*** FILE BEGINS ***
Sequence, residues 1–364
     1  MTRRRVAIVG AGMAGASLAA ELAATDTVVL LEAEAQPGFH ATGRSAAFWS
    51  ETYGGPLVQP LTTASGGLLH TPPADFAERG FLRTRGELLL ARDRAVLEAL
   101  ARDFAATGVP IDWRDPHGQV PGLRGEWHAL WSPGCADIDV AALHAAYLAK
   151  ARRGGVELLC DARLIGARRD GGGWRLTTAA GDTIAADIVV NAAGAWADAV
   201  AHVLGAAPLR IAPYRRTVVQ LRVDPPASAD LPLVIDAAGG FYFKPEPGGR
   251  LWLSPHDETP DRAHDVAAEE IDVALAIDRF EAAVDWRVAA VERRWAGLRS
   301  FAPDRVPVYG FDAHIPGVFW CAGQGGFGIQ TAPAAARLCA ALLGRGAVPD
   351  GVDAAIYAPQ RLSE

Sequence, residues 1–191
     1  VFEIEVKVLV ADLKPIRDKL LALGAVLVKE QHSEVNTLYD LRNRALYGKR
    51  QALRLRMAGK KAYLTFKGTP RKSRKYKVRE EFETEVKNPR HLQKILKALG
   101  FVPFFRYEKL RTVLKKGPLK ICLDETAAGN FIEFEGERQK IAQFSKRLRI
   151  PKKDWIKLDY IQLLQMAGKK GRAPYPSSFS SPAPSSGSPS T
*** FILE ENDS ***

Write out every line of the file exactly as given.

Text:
Sequence, residues 1–364
     1  MTRRRVAIVG AGMAGASLAA ELAATDTVVL LEAEAQPGFH ATGRSAAFWS
    51  ETYGGPLVQP LTTASGGLLH TPPADFAERG FLRTRGELLL ARDRAVLEAL
   101  ARDFAATGVP IDWRDPHGQV PGLRGEWHAL WSPGCADIDV AALHAAYLAK
   151  ARRGGVELLC DARLIGARRD GGGWRLTTAA GDTIAADIVV NAAGAWADAV
   201  AHVLGAAPLR IAPYRRTVVQ LRVDPPASAD LPLVIDAAGG FYFKPEPGGR
   251  LWLSPHDETP DRAHDVAAEE IDVALAIDRF EAAVDWRVAA VERRWAGLRS
   301  FAPDRVPVYG FDAHIPGVFW CAGQGGFGIQ TAPAAARLCA ALLGRGAVPD
   351  GVDAAIYAPQ RLSE

Sequence, residues 1–191
     1  VFEIEVKVLV ADLKPIRDKL LALGAVLVKE QHSEVNTLYD LRNRALYGKR
    51  QALRLRMAGK KAYLTFKGTP RKSRKYKVRE EFETEVKNPR HLQKILKALG
   101  FVPFFRYEKL RTVLKKGPLK ICLDETAAGN FIEFEGERQK IAQFSKRLRI
   151  PKKDWIKLDY IQLLQMAGKK GRAPYPSSFS SPAPSSGSPS T